• Money Takeout: Louise Story of the New York Times explains why U.S. media companies just scored a victory in the ongoing US-China trade war. 
  • Airline Takeout: New York Times reporter Matthew Wald tells us about a new law intended to prevent airline passengers from being kept on the tarmac for long periods of time while waiting for their flights to leave.
  • Listener Takeout: From health care to holiday songs, Takeaway listeners are coming through loud and clear. 

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New Center Promises Transparency But Delays Declassification

President Obama is expected to sign an executive order before the year is over to create a new National Declassification Center in order to aggressively clear a backlog of classified documents. But, the creation of the center will actually delay the declassification of 400 million pages of Cold War-era documents. We talk with Bryan Bender from the Boston Globe and Jim Harper from the CATO Institute about how this plan fits with the president’s promises for government transparency.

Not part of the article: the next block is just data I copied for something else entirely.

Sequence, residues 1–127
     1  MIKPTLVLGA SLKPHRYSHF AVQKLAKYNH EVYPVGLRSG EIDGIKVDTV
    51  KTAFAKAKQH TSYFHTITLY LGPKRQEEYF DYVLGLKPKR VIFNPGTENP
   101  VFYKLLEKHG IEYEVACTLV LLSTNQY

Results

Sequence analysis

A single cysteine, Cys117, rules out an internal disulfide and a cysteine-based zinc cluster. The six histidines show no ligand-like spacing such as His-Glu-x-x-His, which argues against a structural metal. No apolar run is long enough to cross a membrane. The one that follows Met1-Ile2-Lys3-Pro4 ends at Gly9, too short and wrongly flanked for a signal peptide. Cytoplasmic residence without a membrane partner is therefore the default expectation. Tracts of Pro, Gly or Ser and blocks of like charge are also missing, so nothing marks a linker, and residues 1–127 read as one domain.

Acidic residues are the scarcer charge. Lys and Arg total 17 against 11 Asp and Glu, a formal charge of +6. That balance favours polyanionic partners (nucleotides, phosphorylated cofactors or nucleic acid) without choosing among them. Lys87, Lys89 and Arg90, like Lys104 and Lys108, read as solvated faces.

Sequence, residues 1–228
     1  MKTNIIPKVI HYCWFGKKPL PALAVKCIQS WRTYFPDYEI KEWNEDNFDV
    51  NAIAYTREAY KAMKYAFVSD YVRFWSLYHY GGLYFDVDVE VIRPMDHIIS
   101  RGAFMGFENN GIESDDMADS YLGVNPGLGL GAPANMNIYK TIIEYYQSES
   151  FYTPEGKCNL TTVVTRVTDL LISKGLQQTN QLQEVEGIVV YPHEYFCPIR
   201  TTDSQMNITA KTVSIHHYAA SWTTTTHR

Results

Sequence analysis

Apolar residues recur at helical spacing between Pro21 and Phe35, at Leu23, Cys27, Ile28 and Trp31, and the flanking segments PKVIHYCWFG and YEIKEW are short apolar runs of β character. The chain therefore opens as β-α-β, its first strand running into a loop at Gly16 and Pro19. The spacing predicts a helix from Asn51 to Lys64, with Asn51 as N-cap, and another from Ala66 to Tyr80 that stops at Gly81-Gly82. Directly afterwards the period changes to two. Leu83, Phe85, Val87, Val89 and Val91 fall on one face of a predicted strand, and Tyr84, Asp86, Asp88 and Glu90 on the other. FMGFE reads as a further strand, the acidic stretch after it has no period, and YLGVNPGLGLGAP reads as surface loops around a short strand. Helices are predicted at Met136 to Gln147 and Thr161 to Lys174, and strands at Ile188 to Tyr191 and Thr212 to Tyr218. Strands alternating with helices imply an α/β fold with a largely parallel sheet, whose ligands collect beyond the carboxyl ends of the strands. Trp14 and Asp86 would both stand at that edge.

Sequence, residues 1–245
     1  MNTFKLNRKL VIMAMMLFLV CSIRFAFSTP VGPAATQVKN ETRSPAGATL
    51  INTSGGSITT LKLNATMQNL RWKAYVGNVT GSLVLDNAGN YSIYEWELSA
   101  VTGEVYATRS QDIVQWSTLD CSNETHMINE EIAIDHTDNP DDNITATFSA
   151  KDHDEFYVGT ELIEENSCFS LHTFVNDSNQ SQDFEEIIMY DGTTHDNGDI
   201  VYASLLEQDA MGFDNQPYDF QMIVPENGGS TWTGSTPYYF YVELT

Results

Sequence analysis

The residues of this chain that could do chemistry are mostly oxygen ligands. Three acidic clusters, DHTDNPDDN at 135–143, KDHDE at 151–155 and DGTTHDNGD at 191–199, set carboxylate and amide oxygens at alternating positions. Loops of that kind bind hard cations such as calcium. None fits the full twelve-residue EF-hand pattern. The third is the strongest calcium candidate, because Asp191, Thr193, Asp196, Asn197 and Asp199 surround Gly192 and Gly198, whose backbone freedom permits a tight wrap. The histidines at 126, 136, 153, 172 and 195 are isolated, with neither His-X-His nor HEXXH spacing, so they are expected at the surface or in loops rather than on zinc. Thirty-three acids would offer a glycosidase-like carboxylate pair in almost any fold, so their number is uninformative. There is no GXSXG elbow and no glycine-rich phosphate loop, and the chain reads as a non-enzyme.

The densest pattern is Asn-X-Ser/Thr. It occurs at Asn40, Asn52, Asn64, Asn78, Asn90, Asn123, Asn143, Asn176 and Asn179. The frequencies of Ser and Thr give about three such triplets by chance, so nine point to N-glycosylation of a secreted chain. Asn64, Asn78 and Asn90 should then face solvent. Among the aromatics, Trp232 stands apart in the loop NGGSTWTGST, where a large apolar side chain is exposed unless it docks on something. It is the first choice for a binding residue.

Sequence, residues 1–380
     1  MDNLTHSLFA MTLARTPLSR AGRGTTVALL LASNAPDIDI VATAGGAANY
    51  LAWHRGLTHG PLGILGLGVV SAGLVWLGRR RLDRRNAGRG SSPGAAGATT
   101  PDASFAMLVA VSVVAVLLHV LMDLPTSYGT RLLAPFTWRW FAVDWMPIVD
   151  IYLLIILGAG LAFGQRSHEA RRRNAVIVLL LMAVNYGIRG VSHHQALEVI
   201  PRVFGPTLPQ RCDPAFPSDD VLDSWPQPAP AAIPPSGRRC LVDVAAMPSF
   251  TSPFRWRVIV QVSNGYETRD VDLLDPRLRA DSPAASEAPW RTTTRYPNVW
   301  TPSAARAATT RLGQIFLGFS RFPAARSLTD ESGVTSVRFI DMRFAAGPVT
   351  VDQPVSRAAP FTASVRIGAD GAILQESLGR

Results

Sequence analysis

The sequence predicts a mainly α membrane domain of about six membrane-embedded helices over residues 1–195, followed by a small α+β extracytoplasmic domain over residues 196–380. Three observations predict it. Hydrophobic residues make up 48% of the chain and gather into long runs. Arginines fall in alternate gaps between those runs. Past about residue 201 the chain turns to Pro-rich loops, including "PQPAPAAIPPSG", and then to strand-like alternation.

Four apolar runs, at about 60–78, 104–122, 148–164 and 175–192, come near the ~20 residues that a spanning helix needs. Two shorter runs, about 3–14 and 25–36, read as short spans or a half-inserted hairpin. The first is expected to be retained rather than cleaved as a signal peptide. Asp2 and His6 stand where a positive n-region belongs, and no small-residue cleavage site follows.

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Mexico City Legalizes Gay Marriage

Mexico City lawmakers Monday voted to legalize same-sex marriage in the capitol – a move that would also give same-sex couples the ability to adopt children. It was a stunning move in a conservative Catholic nation. Ioan Grillo is Mexico Correspondent for Time Magazine; he reports on the reaction in Mexico City and throughout the nation.

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Remixing The Holidays: Brian Stokes Mitchell and the Mormon Tabernacle Choir

Our "Remixing the Holidays" series continues with Tony Award-winning Broadway star Brian Stokes Mitchell, who performs with the Mormon Tabernacle Choir in their 2009 television Christmas special and on the accompanying CD, "Ring Christmas Bells." Also joining us to share their favorite holiday music are two of the choir's dedicated members: Jean Hill and Elliot Clark.